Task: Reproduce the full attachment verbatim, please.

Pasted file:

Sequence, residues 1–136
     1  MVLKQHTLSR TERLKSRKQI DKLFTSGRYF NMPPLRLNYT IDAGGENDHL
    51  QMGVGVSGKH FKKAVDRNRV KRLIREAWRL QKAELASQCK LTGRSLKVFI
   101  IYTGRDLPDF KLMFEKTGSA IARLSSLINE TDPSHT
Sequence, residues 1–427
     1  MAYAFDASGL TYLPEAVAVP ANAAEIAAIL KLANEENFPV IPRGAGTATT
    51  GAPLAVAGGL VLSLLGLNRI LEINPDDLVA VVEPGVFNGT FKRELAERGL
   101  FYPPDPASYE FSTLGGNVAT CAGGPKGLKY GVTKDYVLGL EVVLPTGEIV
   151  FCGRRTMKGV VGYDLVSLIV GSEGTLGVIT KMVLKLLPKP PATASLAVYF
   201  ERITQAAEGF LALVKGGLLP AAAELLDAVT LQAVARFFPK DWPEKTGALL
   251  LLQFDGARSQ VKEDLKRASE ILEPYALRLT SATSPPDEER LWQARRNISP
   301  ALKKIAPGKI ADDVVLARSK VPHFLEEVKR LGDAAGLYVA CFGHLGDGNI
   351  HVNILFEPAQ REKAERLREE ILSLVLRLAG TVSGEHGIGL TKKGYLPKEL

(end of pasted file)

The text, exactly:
Sequence, residues 1–136
     1  MVLKQHTLSR TERLKSRKQI DKLFTSGRYF NMPPLRLNYT IDAGGENDHL
    51  QMGVGVSGKH FKKAVDRNRV KRLIREAWRL QKAELASQCK LTGRSLKVFI
   101  IYTGRDLPDF KLMFEKTGSA IARLSSLINE TDPSHT
Sequence, residues 1–427
     1  MAYAFDASGL TYLPEAVAVP ANAAEIAAIL KLANEENFPV IPRGAGTATT
    51  GAPLAVAGGL VLSLLGLNRI LEINPDDLVA VVEPGVFNGT FKRELAERGL
   101  FYPPDPASYE FSTLGGNVAT CAGGPKGLKY GVTKDYVLGL EVVLPTGEIV
   151  FCGRRTMKGV VGYDLVSLIV GSEGTLGVIT KMVLKLLPKP PATASLAVYF
   201  ERITQAAEGF LALVKGGLLP AAAELLDAVT LQAVARFFPK DWPEKTGALL
   251  LLQFDGARSQ VKEDLKRASE ILEPYALRLT SATSPPDEER LWQARRNISP
   301  ALKKIAPGKI ADDVVLARSK VPHFLEEVKR LGDAAGLYVA CFGHLGDGNI
   351  HVNILFEPAQ REKAERLREE ILSLVLRLAG TVSGEHGIGL TKKGYLPKEL